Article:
Gynecology Faq

Life-Saving In Utero Heart Procedure

09/15/2011 -

Life-Saving In Utero Heart Procedure
WABC-Channel 7
Sept. 15, 2011


Watch this video.

Sade Baderinwa, Co-Anchor: This is a real interesting story: a baby on Long Island is alive today thanks to a rare procedure performed on his heart before he was even born.

Diana Williams, Co-Anchor: Today his parents were able to thank their doctors at North Shore University Hospital. Dr. Jay Adlersberg is off tonight; Dr. Sapna Parikh joins us with the story. Sapna?

Dr. Sapna Parikh, Health Reporter:
You’re about to meet this beautiful ten-month-old boy. He’s strong, he’s active, and most importantly, he is healthy. But when his mother was just a little over three months pregnant, she and her husband were forced to make an incredibly difficult decision.

Suzanne Francis, Dante’s Mother: It’s pretty much a mother’s worst nightmare to receive the news that there’s a problem with your baby.

Dr. Sapna Parikh:
Today that baby is happy and squirming around in his mother’s lap. Ten-month-old Dante Francis was the star from the moment his parents brought him back to the hospital. At a press conference with their doctors, Suzanne and Robert Francis told us their story. When Suzanne was only thirteen weeks pregnant, doctors discovered liquid around the heart of the fetus. It’s a common condition that often resolves on its own, but this time it got worse.

Dr. Angela Romano, North Shore University Hospital: In this particular case, the fluid was quite large around the baby’s heart, and therefore posed a threat to the survival of the fetus.

Dr. Sapna Parikh: The couple was devastated, but agreed to let the doctors perform a procedure which has been done, at most, ten times worldwide. It meant inserting a needle into the area around the baby’s heart to remove the fluid while the heart is still beating. The fetus had not even reached 20 weeks gestation, at which time the heart is barely the size of a quarter.

Dr. Nidhi Voorha, North Shore University Hospital: The risk of the procedure was that we were going into a very narrow space around the baby’s heart, and there was a risk that we could cause bleeding by puncturing the heart, or we could even cause loss of the pregnancy completely.

Dr. Sapna Parikh: Dr. Voorha and her colleagues succeeded, and Dante came into the world six months later.

Suzanne Francis: He’s good, and we really appreciate that, and I just think it was a miracle what they could do.

Dr. Sapna Parikh: And his parents say they had extra testing because of fertility treatments, so they credit that testing and their doctors for saving their baby. And they named him Dante, by the way, because it means eternal or everlasting in Latin. Diana and Sade, back to you.

Suzanne Francis, Dante’s Mother: It’s pretty much a mother’s worst nightmare to receive the news that there’s a problem with your baby.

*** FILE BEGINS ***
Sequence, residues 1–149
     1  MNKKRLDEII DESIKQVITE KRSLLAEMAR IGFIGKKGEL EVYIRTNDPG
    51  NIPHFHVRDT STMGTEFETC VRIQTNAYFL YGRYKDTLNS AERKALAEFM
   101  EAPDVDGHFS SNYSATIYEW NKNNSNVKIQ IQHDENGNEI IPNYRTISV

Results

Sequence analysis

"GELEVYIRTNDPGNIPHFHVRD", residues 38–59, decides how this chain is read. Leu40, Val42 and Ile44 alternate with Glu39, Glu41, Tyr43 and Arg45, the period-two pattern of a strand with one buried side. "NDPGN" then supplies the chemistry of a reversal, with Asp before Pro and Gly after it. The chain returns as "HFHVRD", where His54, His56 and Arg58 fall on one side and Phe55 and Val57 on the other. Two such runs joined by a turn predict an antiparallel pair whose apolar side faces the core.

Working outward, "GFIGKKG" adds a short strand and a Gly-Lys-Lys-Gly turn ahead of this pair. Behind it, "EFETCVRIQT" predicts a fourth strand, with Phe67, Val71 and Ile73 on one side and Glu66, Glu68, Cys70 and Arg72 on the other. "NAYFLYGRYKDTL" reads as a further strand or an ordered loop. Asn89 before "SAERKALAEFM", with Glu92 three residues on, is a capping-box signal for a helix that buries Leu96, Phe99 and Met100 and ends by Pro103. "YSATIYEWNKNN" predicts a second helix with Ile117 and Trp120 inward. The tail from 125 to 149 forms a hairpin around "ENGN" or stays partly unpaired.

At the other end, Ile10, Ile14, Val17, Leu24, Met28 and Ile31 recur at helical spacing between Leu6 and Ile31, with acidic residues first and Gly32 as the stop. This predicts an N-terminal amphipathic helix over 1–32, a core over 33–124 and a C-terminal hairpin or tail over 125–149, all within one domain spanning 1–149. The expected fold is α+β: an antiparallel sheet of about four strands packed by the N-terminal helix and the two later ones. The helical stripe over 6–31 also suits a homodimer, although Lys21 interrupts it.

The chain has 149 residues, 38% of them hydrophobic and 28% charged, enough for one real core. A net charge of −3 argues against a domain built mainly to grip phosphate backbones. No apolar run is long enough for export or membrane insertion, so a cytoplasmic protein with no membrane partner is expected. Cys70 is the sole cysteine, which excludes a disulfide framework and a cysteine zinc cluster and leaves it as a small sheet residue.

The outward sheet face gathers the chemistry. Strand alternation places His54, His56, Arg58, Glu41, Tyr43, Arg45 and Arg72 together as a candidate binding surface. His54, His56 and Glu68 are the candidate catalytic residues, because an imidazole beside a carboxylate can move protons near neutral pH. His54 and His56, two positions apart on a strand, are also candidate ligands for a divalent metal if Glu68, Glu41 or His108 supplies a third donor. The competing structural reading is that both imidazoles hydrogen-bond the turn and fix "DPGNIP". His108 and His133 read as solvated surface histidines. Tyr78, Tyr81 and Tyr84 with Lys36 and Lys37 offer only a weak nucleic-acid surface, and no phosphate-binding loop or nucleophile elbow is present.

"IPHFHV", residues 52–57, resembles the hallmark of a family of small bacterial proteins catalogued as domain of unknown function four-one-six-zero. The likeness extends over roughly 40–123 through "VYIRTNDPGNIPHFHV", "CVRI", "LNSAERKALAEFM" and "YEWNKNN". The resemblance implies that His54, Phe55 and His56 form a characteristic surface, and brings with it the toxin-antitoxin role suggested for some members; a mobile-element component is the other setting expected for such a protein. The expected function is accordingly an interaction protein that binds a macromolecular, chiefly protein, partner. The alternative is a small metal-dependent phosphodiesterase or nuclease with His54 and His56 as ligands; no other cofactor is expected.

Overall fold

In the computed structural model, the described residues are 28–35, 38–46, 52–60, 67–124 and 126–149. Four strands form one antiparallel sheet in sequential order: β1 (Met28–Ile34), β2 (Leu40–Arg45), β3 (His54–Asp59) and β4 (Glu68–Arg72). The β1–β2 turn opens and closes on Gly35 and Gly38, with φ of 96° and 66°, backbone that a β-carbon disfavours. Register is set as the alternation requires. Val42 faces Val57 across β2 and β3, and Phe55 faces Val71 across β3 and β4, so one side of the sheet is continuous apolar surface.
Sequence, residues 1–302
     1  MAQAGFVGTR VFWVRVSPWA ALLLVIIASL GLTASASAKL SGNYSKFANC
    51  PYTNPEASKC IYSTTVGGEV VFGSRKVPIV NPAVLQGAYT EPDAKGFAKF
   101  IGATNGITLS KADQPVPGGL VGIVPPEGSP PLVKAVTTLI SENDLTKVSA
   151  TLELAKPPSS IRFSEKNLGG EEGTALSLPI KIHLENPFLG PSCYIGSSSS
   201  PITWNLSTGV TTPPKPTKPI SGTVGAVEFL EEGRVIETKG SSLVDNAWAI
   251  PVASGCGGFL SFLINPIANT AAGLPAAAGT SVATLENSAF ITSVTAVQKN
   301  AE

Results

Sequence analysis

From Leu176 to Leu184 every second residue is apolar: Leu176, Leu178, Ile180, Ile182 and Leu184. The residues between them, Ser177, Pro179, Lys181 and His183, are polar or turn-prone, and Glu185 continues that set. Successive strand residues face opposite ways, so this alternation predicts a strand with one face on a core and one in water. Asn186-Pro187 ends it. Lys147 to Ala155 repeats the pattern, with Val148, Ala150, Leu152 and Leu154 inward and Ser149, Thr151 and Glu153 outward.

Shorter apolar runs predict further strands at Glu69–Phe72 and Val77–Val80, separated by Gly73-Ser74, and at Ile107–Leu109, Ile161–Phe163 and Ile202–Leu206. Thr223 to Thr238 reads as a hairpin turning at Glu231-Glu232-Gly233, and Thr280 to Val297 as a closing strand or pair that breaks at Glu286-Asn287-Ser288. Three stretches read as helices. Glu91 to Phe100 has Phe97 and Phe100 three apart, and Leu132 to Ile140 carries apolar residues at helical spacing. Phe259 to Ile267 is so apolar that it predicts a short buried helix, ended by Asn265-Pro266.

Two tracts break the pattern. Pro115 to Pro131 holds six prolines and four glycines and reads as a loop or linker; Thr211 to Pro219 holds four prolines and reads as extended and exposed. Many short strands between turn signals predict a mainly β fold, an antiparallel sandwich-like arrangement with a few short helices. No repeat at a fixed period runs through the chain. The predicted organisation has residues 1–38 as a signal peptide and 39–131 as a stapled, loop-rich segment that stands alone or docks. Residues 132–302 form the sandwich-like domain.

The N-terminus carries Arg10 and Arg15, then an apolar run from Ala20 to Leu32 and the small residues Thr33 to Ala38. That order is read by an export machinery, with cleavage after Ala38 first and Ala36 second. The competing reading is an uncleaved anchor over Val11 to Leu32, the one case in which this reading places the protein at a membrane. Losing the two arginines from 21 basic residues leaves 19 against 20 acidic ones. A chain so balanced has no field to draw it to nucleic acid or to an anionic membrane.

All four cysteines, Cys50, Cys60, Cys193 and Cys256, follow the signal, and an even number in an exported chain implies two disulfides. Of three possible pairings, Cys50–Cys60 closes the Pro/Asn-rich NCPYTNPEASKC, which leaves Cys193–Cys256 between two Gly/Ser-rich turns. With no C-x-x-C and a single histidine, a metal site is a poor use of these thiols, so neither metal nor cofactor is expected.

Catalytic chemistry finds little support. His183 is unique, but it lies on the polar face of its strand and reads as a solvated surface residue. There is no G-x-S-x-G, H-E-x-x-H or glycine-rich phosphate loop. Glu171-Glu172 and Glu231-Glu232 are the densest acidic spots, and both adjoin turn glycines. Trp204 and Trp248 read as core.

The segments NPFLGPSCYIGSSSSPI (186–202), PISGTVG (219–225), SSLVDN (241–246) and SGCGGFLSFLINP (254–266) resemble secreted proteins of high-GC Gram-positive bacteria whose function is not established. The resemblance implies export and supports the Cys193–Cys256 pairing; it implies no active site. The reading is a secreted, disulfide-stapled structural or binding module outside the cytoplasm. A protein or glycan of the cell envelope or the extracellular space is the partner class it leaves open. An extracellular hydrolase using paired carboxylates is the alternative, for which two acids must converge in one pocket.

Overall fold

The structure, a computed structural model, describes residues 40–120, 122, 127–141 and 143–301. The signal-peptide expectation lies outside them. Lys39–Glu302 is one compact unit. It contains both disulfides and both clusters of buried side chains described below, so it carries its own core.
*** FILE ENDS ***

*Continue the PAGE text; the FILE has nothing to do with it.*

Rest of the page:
Sade Baderinwa: Aww, that’s great. 

Diana Williams: That’s very sweet. Thanks, Sapna.

* * * * * *

Baby Only 10th to Have In Utero Procedure
Newsday
By: Delthia Ricks / delthia.ricks@newsday.com
September 16, 2011


Early during pregnancy with their second child, Suzanne and Robert Francis faced the decision of their lives: whether to allow doctors to treat their son while still in the womb.

Worldwide, the delicate heart procedure had been done only nine times.

The Huntington couple Thursday was more than happy the procedure was performed. Dante, now 10 months old, is active and happy -- his heart in perfect health.
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"This was the hardest decision ever," Suzanne Francis said during a news conference at North Shore University Hospital in Manhasset, where she and her family reunited with their doctors.

"I did pray," Francis, 46, said, recalling a tense five weeks between the diagnosis and operation. "I really had to trust and know that this was going to be OK."

While in the womb Dante developed a life-threatening accumulation of fluid that filled his pericardium -- the protective sac around the heart. The condition was diagnosed during the 13th week of gestation during a routine examination.

Dr. Angela Romano, Dante's pediatric cardiologist, said the pericardium is supposed to fit tightly on the heart, not fill like a water balloon around it.

When fluid increases, Romano said, it decreases the amount of blood the organ pumps. The condition can lead to lung compression, heart failure and, if untreated, death in the womb.

Dante underwent the procedure in June 2010. At the time, he was barely 7 inches long and his heart was about the size of a quarter.

A team of maternal/fetal experts headed by Dr. Nidhi Vohra was assembled to perform the procedure known as in utero pericardiocentesis.

Guided by ultrasound technology, Vohra inserted a long needle through the mother's abdomen and into Dante's pericardial sac. She withdrew a half teaspoon of fluid, an amount she called astonishing given the size of the heart.

The procedure lasted about a minute.

"It was a miracle what they were able to do," Robert Francis, 50, said Thursday.

Dante's operation became the 10th of its kind to be documented globally, said Vohra, who searched Pub Med, a vast database of medical literature to find others. She said it's virtually impossible to know whether other doctors in New York have performed it because physicians don't always publish their work on fetal procedures.

Suzanne Francis said the reunion with her doctors helped recall numerous struggles associated with Dante's development and birth. The baby was conceived through assisted reproductive technology.

"I had only a 2 percent chance of conceiving because of my age," said Francis, whose daughter, Madeline, was born four years ago. "There aren't enough words to describe how much I love him. I love both my children so much."

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